Typical antipsychotics typically feature more intense side effects than antipsychotics in the atypical class. With any antipsychotic, a Patient Information Leaflet will be included in the box. This leaflet provides an exhaustive list of side effects.
Side effects from typical antipsychotics will often cause discomfort. Some side effects should only last a few days as the body gets used to the medication. Unfortunately, some side effects may persist throughout treatment.
Common side effects of typical antipsychotics include blurred vision, constipation, dizziness, dry mouth, nausea, drowsiness, irregular heartbeat, tardive dyskinesia, shaking, akathisia, sedation, agitation, tiredness, low sex drive and sexual dysfunction.
Serious side effects include suicidal thoughts, seizures, and a return of psychotic symptoms – known as Tardive psychosis. Neuroleptic Malignant Syndrome – a serious movement disorder characterised by high temperature, tremors, fever, difficulty in speaking and swallowing and changes in consciousness – is a serious condition that can prove fatal. It is a serious side effect.
If any of the side effects in this area appear, it is important to contact a Doctor or emergency department immediately.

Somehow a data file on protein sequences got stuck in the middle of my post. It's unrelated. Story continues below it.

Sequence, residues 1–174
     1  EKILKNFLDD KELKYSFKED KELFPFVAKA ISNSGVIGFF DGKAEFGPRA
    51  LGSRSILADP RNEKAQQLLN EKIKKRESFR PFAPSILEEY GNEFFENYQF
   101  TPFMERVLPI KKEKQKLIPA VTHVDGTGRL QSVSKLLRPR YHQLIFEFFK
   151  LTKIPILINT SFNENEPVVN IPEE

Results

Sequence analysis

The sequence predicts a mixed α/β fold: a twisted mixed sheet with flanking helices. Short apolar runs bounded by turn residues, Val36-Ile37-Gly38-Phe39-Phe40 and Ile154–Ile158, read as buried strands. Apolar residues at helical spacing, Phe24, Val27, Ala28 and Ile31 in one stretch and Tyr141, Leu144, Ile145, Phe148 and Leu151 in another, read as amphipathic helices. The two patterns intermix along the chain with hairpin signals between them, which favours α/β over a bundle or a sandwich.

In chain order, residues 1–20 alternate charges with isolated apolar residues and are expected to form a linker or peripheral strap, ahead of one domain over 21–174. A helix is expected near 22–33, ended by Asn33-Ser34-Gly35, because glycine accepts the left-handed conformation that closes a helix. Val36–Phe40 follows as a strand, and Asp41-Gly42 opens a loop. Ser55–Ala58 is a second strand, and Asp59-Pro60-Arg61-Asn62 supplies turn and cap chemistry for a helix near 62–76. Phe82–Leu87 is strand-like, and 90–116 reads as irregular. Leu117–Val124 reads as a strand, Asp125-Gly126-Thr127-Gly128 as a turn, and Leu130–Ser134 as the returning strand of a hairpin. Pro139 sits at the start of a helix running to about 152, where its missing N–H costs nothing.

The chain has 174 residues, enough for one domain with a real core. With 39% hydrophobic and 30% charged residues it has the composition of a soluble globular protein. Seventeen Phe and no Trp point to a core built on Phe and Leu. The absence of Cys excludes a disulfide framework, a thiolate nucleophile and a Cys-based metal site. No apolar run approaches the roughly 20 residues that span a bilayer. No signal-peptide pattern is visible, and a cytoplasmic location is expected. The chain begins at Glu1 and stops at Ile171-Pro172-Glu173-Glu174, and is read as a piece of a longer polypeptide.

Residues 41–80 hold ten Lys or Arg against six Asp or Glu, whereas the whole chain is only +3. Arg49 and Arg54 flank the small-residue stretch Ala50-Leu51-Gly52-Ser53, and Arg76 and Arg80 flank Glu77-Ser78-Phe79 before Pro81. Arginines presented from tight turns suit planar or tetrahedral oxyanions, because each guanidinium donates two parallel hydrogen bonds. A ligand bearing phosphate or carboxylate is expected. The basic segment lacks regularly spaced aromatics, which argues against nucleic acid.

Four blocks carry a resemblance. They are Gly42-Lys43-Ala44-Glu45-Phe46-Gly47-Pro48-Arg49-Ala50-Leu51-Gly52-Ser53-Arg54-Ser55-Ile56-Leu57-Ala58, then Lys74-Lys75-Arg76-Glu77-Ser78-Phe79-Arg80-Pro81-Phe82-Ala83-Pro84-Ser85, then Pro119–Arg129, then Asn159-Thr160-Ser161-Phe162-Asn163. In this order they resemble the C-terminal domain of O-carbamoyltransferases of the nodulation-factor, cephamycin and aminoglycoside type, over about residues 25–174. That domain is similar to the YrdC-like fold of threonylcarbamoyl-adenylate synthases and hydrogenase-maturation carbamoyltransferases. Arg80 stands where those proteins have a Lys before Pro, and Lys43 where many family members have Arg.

Cautions of Typical Antipsychotics
It is important to thoroughly read the Patient Information Leaflet that comes with your medication. The leaflet will include specific cautions that should be taken into consideration when taking an antipsychotic.
General considerations when taking antipsychotics include:
- It is important to tell a Doctor or mental health professional about any other medication, substance or herbal remedy that is being taken, or has recently been taken, prior to taking an antipsychotic. Antipsychotics interact with several other medications – therefore making this very important.
- Avoiding alcohol in the first few days of treatment, to allow the body to get used to the medication. After the body has adjusted to the medication, it is still advisable to not consume alcohol, as it can worsen side effects.
- Any antipsychotic can react unpredictably with illegal drugs; therefore it is advisable to not use recreational drugs when undergoing antipsychotic therapy.
- People taking antipsychotics can often have suicidal thoughts. Suicidal thoughts may be likely to occur at the start of antipsychotic treatment.
- It is common for a patient to need to undergo a physical exam, blood test and possibly a heart test, prior to engaging in antipsychotic therapy. This will help a medical professional ascertain the overall health of the person. Overall health will need to be monitored throughout treatment.
- Antipsychotics should not be suddenly stopped. If an individual wishes to withdraw from an antipsychotic, it is important to gradually withdraw – best achieved by gradually lowering the dose over a period of few weeks. Sudden withdrawal can cause withdrawal symptoms, and in some cases, the potentially fatal Neuroleptic Malignant Syndrome.
Typical antipsychotics have a proven track record of helping many people with their mental health. They have been in operation for several decades.
However, their use does typically come with a range of side effects. It is important to talk through your options with your doctor or mental health professional.